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A CurtainUp Review
Mr. Burns, A Post-Electric Play
By Elyse Sommer
Dystopian novels are one of the best-selling genres at Amazon, itself a sort of cataclysmic invader of the world of book publishing. Movies and plays set in a scary near or distant future have been with us for a long time. But Anne Washburn's use of an episode from the long-running animated hit, The Simpsons, as the yellow brick road that lets the survivors of a horrific catastrophe endure the fear and despair shortly after that event, and years later rebuild their lives even though they must do so without electricity.
As explained in her own introduction to the play, that episode is Cape Feare, which in itself was a spoof of Martin Scorsece's a famous movie, Cape Fear. In naming her play for the wicked witch equivalent in The Simpsons she is making the animated cartoon an enduring comfort food provider — first to help the survivors take their minds of pain and fear shortly after the catastrophic event, and further along in a life without electricity, as an occupational survival tactic.
This travelogue through over 80 years in a dark and dismal world via the satiric cartoon series, The Simpsons is indeed intriguing. However, it's going to have audiences divided between the extravagantly enthusiastic and the more exasparated than exhilarated naysayers, with the enthusiasts possibly having the edge.
Actually, there IS a middle ground and the one I'm inclined to take. I found the presentation self-indulgently drawn out and this elevating of Homer Simpson's Cape Feare episode to the status of the other Homer's Odyssey a clever conceit but when it comes to buying into its loftier thematic aims, I see this Simsonesque emperor without any clothes.
That said, Washburn and the Civilians of which director Steve Cosson is founding director are a fine fit. The actors associated with this always interesting group are into the various stages of this Simpson-powered comedy given a pitch black edge courtesy of what Washburn calls "unfortunate facts." Neil Patel's scenic design, Emily Rebholz's costumes are imaginative, especially for the third act which is a musicalized all-Simpson show reenactment. Justin Townsend's lighting is terrifically evocative in the candle lit opening scene but also just right for each of the time and place settings that follow.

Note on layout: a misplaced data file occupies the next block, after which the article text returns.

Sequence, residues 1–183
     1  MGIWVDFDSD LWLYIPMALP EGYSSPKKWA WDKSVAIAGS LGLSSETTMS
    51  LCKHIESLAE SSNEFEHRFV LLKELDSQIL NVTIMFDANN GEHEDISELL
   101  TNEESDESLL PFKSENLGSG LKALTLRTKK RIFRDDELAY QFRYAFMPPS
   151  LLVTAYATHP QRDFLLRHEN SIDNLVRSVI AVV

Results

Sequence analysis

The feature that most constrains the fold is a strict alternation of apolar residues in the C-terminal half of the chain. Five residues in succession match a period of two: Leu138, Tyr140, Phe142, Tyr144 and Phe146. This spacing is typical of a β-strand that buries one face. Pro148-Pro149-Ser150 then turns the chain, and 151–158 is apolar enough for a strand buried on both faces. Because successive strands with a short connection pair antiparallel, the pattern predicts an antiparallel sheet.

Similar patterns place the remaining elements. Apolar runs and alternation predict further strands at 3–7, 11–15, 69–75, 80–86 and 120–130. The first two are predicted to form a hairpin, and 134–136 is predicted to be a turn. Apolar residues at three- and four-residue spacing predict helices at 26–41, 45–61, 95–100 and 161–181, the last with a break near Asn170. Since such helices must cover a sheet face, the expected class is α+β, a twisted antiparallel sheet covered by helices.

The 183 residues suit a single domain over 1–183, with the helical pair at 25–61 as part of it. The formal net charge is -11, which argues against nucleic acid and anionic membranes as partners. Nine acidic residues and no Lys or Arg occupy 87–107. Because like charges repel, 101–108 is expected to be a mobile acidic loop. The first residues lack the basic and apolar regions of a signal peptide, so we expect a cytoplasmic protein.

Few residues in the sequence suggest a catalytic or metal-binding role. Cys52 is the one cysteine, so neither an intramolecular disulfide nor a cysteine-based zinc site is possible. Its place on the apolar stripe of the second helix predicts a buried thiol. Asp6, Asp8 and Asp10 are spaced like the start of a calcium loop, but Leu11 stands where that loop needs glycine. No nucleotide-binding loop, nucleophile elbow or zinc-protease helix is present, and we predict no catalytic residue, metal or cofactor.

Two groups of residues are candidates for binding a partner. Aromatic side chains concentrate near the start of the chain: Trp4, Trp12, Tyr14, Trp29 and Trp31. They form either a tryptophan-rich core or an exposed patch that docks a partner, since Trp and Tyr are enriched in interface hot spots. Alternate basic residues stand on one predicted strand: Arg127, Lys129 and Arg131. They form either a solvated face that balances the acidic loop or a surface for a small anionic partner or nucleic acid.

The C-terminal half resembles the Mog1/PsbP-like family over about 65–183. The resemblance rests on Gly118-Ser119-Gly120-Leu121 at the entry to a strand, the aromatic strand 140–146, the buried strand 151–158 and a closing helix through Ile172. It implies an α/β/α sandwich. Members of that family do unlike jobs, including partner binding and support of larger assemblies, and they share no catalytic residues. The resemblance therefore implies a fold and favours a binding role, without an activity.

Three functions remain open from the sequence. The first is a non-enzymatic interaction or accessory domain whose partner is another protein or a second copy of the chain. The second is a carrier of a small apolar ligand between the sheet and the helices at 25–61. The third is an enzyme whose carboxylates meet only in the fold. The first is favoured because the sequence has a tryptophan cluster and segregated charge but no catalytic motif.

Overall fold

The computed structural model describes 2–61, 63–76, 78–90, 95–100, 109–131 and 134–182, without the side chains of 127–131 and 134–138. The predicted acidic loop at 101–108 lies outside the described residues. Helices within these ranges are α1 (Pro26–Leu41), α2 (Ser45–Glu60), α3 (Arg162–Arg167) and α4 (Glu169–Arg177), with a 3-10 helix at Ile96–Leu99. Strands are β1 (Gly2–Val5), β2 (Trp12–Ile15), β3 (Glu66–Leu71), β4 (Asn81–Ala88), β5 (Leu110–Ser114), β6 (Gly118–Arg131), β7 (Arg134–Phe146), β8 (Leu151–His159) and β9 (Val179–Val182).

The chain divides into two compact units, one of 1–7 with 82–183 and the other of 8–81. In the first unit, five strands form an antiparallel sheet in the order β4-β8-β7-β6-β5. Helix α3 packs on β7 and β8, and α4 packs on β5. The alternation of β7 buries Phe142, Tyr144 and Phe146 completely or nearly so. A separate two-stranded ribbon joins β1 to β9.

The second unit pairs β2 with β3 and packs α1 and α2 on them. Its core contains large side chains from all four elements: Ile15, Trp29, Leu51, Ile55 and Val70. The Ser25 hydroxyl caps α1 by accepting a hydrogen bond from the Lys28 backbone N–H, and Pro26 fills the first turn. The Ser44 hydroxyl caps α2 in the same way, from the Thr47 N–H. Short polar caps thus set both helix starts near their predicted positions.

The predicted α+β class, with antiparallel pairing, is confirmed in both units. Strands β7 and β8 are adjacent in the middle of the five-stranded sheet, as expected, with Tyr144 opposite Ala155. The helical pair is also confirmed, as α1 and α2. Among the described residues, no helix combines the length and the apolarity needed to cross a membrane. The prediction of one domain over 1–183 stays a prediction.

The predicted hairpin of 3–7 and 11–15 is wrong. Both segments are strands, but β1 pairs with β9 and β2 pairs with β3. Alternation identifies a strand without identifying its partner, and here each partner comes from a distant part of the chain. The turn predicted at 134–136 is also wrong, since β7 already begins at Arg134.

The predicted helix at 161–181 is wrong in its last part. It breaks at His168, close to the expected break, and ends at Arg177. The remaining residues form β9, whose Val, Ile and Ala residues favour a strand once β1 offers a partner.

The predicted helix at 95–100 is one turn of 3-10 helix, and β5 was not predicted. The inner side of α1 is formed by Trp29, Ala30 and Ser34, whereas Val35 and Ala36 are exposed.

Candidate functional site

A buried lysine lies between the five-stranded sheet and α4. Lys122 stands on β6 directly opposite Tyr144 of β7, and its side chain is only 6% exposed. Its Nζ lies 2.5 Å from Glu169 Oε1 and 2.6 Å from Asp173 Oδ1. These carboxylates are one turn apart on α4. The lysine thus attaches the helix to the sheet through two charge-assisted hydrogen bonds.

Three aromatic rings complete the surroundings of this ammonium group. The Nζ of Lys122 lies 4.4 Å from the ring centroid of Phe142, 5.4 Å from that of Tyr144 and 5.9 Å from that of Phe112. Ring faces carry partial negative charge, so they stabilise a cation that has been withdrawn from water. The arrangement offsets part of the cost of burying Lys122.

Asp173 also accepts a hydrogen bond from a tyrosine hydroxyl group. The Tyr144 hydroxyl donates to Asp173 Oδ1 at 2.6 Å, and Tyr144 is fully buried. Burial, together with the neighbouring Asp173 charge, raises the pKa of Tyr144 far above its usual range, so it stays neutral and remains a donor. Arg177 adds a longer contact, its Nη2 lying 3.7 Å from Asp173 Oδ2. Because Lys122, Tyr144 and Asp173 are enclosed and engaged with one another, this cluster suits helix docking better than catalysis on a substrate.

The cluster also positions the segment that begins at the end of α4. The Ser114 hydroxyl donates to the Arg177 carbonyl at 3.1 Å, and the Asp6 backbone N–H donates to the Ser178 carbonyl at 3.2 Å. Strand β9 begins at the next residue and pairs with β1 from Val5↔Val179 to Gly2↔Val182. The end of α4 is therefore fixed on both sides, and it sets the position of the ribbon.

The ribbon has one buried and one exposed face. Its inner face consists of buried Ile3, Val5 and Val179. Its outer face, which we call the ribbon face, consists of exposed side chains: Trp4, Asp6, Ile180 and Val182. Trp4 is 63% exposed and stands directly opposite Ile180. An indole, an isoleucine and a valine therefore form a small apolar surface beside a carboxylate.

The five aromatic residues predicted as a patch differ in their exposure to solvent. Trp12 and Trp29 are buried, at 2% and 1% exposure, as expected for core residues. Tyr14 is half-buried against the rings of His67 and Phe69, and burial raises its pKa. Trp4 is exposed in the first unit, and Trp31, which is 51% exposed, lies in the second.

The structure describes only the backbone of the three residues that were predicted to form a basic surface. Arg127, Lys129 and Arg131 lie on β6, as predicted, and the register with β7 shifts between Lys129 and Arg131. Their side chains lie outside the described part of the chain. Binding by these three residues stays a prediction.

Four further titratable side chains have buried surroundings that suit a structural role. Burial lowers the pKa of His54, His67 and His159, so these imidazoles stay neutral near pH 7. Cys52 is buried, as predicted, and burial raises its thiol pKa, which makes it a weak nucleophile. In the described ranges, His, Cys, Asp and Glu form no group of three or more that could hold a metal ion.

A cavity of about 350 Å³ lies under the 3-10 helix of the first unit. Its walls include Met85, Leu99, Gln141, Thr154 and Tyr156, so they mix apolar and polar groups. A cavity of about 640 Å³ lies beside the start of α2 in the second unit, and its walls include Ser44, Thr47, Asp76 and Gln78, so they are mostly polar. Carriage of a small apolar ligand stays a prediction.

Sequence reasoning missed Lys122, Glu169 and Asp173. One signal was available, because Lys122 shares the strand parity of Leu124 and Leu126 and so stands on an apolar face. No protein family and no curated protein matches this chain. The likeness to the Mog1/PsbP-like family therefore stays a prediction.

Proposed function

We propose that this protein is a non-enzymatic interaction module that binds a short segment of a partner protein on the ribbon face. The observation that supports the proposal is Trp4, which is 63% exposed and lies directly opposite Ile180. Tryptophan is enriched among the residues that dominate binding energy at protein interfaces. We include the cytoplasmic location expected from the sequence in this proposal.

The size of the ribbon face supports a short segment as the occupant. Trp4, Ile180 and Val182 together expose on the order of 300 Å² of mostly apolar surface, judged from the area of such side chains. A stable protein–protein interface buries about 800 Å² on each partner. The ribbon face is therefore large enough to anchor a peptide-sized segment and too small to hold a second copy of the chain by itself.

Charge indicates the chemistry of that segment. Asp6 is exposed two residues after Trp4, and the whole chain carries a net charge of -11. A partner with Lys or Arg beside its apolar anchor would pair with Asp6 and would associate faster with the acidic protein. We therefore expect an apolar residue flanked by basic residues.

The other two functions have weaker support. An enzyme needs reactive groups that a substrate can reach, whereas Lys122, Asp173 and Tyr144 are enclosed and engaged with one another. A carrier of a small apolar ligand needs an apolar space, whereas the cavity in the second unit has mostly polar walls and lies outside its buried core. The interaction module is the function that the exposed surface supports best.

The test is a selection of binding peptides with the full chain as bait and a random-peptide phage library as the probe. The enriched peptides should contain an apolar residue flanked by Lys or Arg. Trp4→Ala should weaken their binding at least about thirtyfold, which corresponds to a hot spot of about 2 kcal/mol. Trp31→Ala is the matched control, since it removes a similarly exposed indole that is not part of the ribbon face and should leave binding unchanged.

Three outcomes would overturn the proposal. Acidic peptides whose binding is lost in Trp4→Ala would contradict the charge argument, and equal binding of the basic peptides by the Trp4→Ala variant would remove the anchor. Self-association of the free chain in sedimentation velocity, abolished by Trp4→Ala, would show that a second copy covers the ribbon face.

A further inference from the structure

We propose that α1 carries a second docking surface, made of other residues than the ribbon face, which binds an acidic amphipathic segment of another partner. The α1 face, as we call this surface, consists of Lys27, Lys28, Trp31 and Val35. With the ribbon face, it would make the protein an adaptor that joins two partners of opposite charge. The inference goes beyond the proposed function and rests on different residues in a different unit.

The first scene in the near future has seven people keeping their minds off the reality of the power grid crash that has pretty much destroyed their world by retelling bits and pieces of Simpson episodes seen in happier days. A stranger, at first greeted with pointed guns and a body search, tells of what he's encountered during his long trek through devastated towns and highways. Without internet, notebooks serve to keep lists of hopefully alive relatives and friends. The stranger who's about as much attuned to The Simpsons as I am, expands the tension releasing effect of our cultural memories with a song from Gilbert & Sullivan's The Mikado which as someone recalls, was also once performed by a famous Simpson character,Sideshow Bob. This scene would have been a lot better if all the Simpson and related references were kept to a few well chosen tidbits.
The seven years later second part which is the weakest of the three, sees these same people actually surviving in this dark and dismal post-electric world as a theater company reenacting —do I really have to tell you, what? I'll leave it to you to find out how their dramatic endeavor catapults them even further into the future (75 years to be exact) and a third act extravaganza of a whole Simpson episode transformed into a musical by Michael Friedman's okay but not especially outstanding songs.
To get back to my mixed response to this satirical conceit. As I logged onto You Tube to watch the Simpsons' Mormon episode before seeing the blockbuster musical The Book Of Mormon, I dutifully did my homework and checked out Cape Feare on You Tube before heading for Playwrights Horizon. While watching the Mormon episode wasn't needed to get right into the fun and spirit of The Book Of Mormon, my admitted fast-forward through Cape Feare did make the plethora of references and the actual final replay less puzzling. However, it didn't prevent me from wishing that I could have fast forwarded to the post intermission finale which is the most theatrically dynamic and in terms of set and costumes a visual triumph that may just offset having to sit still for Washburn's labyrinthine, reference overloaded script